‘Buy a Brick, Build a Wall’: GOP lawmaker reintroduces bill that would allow private donations to fund the wall

 

(Image: screenshot)

An Ohio Congressman has reintroduced a bill that would allow a border wall to be funded by private contributions.

The “Buy a Brick, Build a Wall Act,” introduced as HR32 by Republican Rep. Warren Davidson, was originally proposed in November but was reintroduced on Thursday and now faces a dim future in a Democrat controlled House.

(Image: screenshot)

“Millions of Americans agree and want to chip in to help secure our borders,” the former Army Ranger tweeted, touting the legislation which directs the Treasury Department to establish a fund that would allow private citizens to contribute.

Davidson tagged triple-amputee and veteran Brian Kolfage who started a GoFundMe page to fund the wall which has raised nearly $19 million in less than three weeks.

As the partial government shutdown continues, there seems to be no compromise in sight with President Trump demanding that any spending legislation include $5 billion for a border wall while Democrats, recharged with newly elected Speaker of the House Nancy Pelosi refusing to give in to any funding of the border wall.

“Open border radicals make our country less safe for families everywhere. Last year, U.S. Immigration and Customs Enforcement (ICE) seized 2,379 pounds of fentanyl and 6,967 pounds of heroin – drugs that would otherwise have made their way to Ohio streets for sale. This bill creates a way for our citizens to pitch in and help efforts to secure the border, support President Trump’s commitment to build the wall, and keep future generations safe,” Davidson said, according to his website.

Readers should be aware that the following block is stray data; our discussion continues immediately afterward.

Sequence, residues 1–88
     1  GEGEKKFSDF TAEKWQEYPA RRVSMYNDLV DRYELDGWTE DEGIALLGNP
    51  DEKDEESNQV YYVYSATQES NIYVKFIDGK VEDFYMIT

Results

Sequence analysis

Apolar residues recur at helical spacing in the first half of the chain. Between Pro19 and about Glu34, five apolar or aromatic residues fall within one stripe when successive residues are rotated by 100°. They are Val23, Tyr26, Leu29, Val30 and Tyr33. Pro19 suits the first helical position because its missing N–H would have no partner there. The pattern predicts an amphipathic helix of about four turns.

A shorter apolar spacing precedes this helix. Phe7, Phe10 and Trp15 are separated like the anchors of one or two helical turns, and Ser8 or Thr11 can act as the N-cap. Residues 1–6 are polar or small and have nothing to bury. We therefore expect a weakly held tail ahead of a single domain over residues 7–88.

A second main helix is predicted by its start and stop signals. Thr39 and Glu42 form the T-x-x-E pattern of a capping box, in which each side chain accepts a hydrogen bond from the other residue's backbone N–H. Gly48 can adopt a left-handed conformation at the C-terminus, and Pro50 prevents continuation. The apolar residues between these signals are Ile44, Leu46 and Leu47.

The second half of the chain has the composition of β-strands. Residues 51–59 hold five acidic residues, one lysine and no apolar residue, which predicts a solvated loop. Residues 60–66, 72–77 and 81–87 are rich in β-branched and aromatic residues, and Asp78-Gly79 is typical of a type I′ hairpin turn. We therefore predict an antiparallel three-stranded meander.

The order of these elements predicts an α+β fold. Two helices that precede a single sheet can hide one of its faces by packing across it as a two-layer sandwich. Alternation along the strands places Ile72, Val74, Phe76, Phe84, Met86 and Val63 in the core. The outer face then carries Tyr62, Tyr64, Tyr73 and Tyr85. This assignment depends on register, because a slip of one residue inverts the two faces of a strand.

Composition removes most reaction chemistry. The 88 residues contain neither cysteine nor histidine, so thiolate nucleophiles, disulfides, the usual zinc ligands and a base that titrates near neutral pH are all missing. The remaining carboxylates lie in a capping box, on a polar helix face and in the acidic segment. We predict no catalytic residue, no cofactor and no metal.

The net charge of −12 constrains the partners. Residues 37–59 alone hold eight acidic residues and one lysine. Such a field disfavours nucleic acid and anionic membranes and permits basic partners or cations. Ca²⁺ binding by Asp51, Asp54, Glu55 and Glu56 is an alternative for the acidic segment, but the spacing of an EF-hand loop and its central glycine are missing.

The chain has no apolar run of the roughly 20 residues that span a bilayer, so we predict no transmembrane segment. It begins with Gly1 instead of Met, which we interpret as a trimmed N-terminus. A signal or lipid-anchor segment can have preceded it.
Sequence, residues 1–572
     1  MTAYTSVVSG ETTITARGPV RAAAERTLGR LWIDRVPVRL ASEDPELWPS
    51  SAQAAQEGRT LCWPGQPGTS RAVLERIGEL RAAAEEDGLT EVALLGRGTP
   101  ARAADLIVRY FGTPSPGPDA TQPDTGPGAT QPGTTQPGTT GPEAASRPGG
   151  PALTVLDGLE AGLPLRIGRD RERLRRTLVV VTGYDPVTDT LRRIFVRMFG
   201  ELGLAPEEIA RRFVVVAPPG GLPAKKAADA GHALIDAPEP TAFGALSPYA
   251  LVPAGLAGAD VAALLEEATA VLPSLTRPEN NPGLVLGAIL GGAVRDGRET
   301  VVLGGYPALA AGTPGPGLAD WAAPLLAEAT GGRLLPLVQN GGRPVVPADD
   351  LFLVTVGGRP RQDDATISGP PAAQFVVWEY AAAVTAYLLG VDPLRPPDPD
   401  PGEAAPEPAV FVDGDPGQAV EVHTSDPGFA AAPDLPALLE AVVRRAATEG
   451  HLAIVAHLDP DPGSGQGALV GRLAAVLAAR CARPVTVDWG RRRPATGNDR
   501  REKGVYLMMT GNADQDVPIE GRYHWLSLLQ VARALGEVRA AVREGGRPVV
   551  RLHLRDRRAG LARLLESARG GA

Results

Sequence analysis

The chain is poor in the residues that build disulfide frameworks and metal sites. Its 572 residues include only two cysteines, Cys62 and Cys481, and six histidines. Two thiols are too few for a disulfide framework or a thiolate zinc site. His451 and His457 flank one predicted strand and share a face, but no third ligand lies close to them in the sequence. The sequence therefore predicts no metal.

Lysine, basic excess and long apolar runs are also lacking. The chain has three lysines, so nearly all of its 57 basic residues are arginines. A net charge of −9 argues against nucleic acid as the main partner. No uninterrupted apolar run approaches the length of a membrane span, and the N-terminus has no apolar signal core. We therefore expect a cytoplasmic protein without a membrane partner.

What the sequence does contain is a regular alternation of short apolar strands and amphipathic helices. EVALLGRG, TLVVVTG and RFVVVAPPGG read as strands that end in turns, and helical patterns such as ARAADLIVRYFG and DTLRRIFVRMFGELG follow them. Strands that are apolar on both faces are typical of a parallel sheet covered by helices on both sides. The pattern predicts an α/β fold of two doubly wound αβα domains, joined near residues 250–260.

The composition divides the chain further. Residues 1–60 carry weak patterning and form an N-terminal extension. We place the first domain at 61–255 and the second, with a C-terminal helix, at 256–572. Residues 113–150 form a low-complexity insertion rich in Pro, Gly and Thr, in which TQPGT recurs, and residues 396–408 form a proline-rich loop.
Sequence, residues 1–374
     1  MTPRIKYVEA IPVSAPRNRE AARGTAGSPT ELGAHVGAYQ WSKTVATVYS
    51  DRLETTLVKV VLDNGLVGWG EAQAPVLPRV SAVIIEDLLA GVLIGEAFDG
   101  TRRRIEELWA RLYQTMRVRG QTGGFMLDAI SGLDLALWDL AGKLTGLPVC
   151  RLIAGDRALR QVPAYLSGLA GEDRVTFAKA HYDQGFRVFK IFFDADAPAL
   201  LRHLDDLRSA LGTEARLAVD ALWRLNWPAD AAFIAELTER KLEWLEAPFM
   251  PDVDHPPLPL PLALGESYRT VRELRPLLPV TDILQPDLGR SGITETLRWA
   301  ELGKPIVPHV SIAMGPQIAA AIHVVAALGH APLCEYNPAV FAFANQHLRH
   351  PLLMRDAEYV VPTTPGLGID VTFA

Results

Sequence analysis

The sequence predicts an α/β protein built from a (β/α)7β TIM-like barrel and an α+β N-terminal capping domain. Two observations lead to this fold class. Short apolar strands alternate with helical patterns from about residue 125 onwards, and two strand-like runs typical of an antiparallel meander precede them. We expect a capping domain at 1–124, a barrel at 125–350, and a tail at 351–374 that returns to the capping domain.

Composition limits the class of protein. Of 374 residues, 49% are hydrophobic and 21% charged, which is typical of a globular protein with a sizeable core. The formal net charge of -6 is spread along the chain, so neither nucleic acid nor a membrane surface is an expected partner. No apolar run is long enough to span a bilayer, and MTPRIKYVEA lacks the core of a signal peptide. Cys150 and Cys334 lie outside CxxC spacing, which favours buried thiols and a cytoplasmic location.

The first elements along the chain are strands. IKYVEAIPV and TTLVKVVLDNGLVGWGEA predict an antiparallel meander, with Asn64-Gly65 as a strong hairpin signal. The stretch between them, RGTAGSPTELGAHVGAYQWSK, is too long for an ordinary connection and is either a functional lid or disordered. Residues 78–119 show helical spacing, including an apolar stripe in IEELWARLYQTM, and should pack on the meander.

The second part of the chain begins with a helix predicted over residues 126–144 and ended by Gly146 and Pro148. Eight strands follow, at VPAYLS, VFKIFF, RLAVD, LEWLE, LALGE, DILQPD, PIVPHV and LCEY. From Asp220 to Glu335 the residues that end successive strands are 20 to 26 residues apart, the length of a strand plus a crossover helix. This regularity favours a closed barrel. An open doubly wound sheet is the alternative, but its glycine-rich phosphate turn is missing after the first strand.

Funds raised in the proposed plan would be deposited in a Border Wall Trust Fund and then used “for planning, designing, constructing and maintaining a barrier along the border between the United States and Mexico.”

Conservative Rep. Jim Jordan threw his support behind his Ohio colleague on Thursday, tweeting “we need to pass” Davidson’s bill.

Some were not on board with Davidson’s idea.

But others cheered the plan.

Frieda Powers

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